A SOCIAL ENTERPRISE

childrens volunteering

Many organisations including Outreach International refer to themselves as a social enterprise, but what does this mean? Steve Summers offers his view on what it means to the values and policies of Outreach International.

“A social enterprise is an organisation that is driven by its social goals, not by profit. An organisation that cares about its role in the community, its ethics and values, over and above the need to make a return to shareholders. We believe this best reflects how we manage Outreach International and so we have joined Social Enterprise UK to formalise our mission.

We care passionately about helping improve the outcomes of the projects we partner with. This is the starting point of what we refer to as our Blue Tiger Philosophy; a set of values that guides how we work. Choosing the right projects and being diligent in evaluating how volunteers can really make a difference is the cornerstone of our placements.

In understanding our projects and supporting them through the supply of committed volunteers, we also provide the opportunity to enrich the lives of volunteers, both gap year students and those volunteering as part of a career break.

We want volunteers to get close to the community they serve, meaning we typically ask for longer term volunteer placements and for volunteers to stay with host families (rather than in volunteer houses or hostels). We don’t do volunteer ‘camps’ or take big groups, as we think this can have a negative impact on local communities and inhibits volunteers from experiencing the local culture.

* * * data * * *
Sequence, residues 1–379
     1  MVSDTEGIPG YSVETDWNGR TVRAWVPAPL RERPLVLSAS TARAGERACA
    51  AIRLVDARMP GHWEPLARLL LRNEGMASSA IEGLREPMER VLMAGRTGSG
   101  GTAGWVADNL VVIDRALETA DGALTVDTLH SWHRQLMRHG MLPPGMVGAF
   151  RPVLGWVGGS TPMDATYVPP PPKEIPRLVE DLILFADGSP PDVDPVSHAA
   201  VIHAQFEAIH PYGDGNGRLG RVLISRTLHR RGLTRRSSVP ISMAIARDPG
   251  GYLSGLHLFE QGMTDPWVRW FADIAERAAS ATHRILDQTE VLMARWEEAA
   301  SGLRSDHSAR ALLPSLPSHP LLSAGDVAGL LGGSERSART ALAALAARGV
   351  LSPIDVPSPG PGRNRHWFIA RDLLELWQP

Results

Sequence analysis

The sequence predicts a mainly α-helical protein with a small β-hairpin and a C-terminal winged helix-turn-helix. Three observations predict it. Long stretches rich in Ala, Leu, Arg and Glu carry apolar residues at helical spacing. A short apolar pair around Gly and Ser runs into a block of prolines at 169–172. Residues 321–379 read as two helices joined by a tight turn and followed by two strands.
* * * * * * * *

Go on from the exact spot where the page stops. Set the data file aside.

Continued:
If we do all of the above well, creating an experience and service that volunteers feel is good value, then we are able to pay our staff fairly. It’s that simple. And by ‘staff’ we mean all of our in-country supporters, both the coordinators and the host families we work with. In doing so we make an investment back into those communities we serve.

If we make a small surplus at the end of the year, then that gives us the opportunity to save some money in a contingency fund, and/or make funds available to both projects and volunteers to meet special needs that come up from time to time.

Overall we think this is a simple philosophy. We work hard to meet our social goals and keep our values at the front of what we do. But we also recognise we are here to provide a service to volunteers, supporting their ambition to make a difference.”